Thank you for your interest in this lecture; however, it is sold-out. We are no longer accepting reservations.
Please join us at the 2013 Boden Lecture.
This annual lecture remembers the late Robert F. Boden, who served as dean of Marquette University Law School from 1965 to 1984.
1 CLE credit
Parking is available on site.
J. Skelly Wright Professor, Yale Law School
Few cases have generated as much controversy as Citizens United v. Federal Election Commission, decided by the Supreme Court in 2010. The story told by reformers and reporters is that Citizens United ushered in a new era of dark money, with wealthy corporations spending wildly, saturating the airwaves, and taking over American politics. Most of that story is wrong, and some of it is nonsense. There is a bigger story about the relationship between Citizens United and American politics; it's just not the one we've been told.
Professor Gerken will argue that the "dark money" trend is a symptom of a deeper shift taking place in American politics, as we move from the political parties we know toward what she calls "shadow parties." And for all the brouhaha over dark money, we may one day think that the bigger and more important problem to emerge from the 2012 election is the shadow party.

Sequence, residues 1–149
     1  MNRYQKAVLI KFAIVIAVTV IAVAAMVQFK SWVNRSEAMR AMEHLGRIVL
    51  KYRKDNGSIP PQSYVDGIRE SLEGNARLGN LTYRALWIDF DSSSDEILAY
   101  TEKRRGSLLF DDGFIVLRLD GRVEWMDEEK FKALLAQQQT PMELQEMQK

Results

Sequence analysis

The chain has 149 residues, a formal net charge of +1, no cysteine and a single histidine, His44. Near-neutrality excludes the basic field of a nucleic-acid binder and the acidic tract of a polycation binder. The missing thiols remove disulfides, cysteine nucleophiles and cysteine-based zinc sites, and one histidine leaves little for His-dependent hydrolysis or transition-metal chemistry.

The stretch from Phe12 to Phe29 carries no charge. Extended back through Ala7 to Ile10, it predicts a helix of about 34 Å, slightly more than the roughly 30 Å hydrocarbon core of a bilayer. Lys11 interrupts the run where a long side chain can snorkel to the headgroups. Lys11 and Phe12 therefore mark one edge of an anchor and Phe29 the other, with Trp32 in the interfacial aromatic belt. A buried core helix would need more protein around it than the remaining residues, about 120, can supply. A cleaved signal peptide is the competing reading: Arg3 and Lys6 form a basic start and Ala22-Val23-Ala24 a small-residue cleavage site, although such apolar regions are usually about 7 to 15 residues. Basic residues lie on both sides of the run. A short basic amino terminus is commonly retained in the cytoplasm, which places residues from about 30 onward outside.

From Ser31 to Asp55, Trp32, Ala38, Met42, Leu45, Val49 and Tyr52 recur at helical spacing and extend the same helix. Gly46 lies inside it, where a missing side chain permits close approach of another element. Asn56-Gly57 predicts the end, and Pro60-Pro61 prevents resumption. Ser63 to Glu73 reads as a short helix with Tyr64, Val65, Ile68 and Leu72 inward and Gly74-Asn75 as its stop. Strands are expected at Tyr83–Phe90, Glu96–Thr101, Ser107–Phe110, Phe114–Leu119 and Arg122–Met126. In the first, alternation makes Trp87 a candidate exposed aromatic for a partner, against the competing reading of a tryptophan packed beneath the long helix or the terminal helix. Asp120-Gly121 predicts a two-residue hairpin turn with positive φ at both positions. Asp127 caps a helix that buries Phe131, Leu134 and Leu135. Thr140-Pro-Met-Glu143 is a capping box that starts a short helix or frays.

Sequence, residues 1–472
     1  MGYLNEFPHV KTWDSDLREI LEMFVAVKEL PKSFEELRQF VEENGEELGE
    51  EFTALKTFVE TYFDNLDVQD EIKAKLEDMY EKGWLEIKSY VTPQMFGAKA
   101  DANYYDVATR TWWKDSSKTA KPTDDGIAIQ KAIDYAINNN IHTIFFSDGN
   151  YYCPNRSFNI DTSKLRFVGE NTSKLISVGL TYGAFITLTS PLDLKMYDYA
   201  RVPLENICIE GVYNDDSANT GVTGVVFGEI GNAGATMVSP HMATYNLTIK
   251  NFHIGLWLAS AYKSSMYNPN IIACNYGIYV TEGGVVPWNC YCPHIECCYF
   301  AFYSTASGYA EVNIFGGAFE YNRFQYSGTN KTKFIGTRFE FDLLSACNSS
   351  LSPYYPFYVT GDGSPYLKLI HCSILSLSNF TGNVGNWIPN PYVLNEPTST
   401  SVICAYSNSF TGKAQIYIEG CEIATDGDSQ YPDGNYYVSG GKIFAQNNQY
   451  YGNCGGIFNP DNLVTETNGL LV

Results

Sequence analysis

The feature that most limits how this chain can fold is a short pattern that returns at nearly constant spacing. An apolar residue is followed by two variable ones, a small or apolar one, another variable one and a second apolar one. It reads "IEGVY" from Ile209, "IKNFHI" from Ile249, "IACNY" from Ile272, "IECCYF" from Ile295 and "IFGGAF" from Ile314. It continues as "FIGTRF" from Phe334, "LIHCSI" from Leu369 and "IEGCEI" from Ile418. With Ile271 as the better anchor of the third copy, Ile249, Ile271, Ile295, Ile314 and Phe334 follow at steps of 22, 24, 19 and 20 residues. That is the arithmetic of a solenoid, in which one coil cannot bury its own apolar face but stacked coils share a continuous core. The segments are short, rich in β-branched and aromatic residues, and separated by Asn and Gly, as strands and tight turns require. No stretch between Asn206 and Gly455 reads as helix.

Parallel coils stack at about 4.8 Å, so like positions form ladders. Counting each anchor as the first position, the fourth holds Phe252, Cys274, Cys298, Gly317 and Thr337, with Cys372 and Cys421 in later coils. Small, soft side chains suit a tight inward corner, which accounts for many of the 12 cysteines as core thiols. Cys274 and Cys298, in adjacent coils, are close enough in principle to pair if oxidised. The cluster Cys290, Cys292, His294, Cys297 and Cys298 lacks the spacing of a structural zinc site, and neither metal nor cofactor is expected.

Heather Gerken is the J. Skelly Wright Professor of Law at Yale Law School. She is a leading expert on voting rights and election law, the role of groups in the democratic process, and the relationship between diversity and democracy. Professor Gerken graduated summa cum laude from Princeton University and from the University of Michigan Law School. She then served as a law clerk for Judge Stephen Reinhardt of the U.S. Court of Appeals for the Ninth Circuit and for Justice David H. Souter of the U.S. Supreme Court. Before joining the Yale faculty, she practiced law in Washington, D.C., and taught at Harvard Law School.
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